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Allen Stien

Allen Stien

Signalman, Signals Corps, Army

"At the age of 18 you just had to enlist in something. Everyone at 18 was called up. Everyone had to play their part."


Allen Stien is one of many Australian World War II veterans who quickly dismiss any suggestion their contributions to the Allied campaign to defeat fascism were unprecedented acts of bravery and sacrifice.

Neither does he claim to have been "in the thick of it or doing anything extraordinary", despite serving on Morotai Island and a long stint as a volunteer overseeing the post-war Japanese occupation in Tokyo and Kure which is near Hiroshima. In his eyes he was simply doing "what he was told to do".

When the 18 year old Allen from Concord in Sydney was called up in May 1944, his sights were set on the Air Force and he says he had been training for two years to achieve this. But after the medical check picked up his asthma he was knocked back. Next he applied for the Navy. “They insisted on recruits having 33 sound teeth, so I got knocked back again."

In the end he joined the Army. "At the age of 18 you just had to enlist in something. Everyone at 18 was called up. Everyone had to play their part."

As luck would have it, he was posted for normal infantry training to Cowra where his father was already in the garrison guarding Japanese internees. He would often see him and hear about the tension in the camp. It was only a week after Allen left that the famous mass Cowra Breakout occurred. To the young man the war suddenly seemed so much more real and closer to home than before, especially when his father reported being part of the force trying to stop the 1,000 Japanese escapees and shooting at 16 of them.

Next Allen was sent to Bonegilla near Albury for signals training. Then followed a long train trip north from Melbourne to Cairns where he waited for almost a week to join a ship destined for the Pacific. He was now part of the 62 Australian Wireless Section, Independent Signals.

Allen and his unit heard the news of the bombing of Hiroshima while on board the troop ship. “No one really knew what an atomic bomb was,” he says, but it was a sign that the war was about to turn a corner.

His posting was in Morotai, an island on the equator which served as a staging post for operations in Borneo where much of the recent conflict against the Japanese forces had occurred. Allen’s role as a Signalman was relaying communications within Army units operating there. Initially they relied on Morse code then moved on to teleprinters. Another task was constantly monitoring the airwaves to ensure Australian aircraft in the region were on course.

As for the celebrations on hearing news of the Japanese surrender, unlike the scenes of jubilation captured in newsreels, Allen and his unit were allotted their ration of two bottles of warm beer with which to toast the end of the gruelling six year world war.

He notes that many Australian aircraft now had the unusual task of dropping leaflets across the islands where Japanese troops were still in hiding. The leaflets were written partly in Japanese and were intended to notify them of the surrender and cease-fire since many were still firing on Allied troops.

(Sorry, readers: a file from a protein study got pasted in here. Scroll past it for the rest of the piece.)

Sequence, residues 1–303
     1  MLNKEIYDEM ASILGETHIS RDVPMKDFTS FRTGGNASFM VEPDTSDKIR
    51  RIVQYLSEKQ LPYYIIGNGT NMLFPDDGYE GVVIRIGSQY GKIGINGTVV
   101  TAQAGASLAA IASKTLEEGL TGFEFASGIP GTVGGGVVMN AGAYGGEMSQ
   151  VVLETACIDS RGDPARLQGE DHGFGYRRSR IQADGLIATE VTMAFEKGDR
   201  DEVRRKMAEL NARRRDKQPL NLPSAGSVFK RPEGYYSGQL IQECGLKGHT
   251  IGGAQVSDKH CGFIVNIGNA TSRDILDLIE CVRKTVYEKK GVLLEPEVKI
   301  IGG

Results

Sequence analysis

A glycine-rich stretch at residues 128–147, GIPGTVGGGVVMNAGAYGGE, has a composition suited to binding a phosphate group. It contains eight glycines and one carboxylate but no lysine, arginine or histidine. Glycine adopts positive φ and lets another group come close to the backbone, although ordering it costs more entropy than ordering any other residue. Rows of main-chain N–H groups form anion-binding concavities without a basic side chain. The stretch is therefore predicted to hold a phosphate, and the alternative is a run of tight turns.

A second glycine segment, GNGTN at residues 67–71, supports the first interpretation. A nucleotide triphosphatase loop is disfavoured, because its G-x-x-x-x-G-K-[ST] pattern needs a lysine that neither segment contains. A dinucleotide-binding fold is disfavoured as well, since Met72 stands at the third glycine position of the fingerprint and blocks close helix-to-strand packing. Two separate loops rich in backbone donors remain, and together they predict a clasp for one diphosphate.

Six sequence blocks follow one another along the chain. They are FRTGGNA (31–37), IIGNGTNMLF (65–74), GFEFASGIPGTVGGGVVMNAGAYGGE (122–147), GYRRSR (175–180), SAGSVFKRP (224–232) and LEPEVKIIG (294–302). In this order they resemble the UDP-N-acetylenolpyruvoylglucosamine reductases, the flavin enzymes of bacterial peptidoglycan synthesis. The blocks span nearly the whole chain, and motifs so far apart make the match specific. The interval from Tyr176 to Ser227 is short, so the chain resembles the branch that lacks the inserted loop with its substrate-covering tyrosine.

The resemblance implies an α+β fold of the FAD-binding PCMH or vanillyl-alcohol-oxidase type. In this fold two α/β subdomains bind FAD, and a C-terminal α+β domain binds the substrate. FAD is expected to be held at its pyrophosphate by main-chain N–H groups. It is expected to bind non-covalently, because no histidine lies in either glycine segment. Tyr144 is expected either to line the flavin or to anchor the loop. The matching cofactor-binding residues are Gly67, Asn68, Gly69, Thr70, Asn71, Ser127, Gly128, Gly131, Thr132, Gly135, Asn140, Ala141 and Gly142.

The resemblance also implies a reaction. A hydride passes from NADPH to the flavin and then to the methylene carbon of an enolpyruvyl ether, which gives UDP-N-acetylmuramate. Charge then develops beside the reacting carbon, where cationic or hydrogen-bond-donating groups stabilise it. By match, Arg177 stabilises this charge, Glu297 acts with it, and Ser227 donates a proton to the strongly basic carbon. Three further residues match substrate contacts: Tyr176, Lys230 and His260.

Having been part of the war for only a short time, Signalman Stien volunteered to join the British Commonwealth Occupation Force (BCOF) in Japan. Soon he was stationed with the 112 Telegraph Operating Section in Kure, Japan, a naval depot with many submarines. He arrived there directly from Morotai and was still in the uniform the army had issued for the tropics. Japan by now was entering its winter and it was some time before Allen was issued with the heavier woollen uniform suitable for the cold snowy climate.

His work included a posting in Tokyo, and with his free time he also travelled regularly and made repeated trips to Hiroshima to witness the devastation created by the world's first atomic bomb deployed in action. He says of Japan, "It was a helluva wreck."


The ruins of Hiroshima

There was ongoing hostility towards the occupying troops by Japanese soldiers and there were still ammunitions around the country so the work of BCOF was not insignificant. From the Australian end, tensions still lingered over the bloodshed in New Guinea and Borneo.  Worst of all, Allen observed that in Hiroshima many of the US troops had been withdrawn after the initial clean-up for fear of radiation poisoning, leaving Australian troops from the 65, 66, and 67 Battalions in occupation and that many of them suffered from what he believes were the continued effects of radiation. Allen himself is now almost blind and reckons this is in part due to his own exposure to radiation there.

Allen's time in the war and just after opened his eyes to the world. He spent two winters in Japan along with his brother who was in the Ambulance unit. He enjoyed his time there even though he never got used to the rumble of regular earthquakes and one time even a tsunami.

He recalls watching General MacArthur appear every day on the parade ground just opposite the Emperor’s palace garden in Tokyo and was intrigued by the numbers of occupying troops who stayed on in Japan after the others had left.

He sailed back on the HMAS Kanimbla and recalls "It was a great sight coming back in through the Sydney heads and I was very glad to see my parents and my brother who had returned before me."

Allen formed close friendships with other servicemen during his time.

"You work with them 24 hours a day, you sleep with them, you eat with them. You make the best of friends, with people from all walks of life."

And for most of his life he stayed in contact with many of them. One was best man at his wedding. Another cycled with him down to Melbourne to visit other ex-service mates.

"They were all just like family."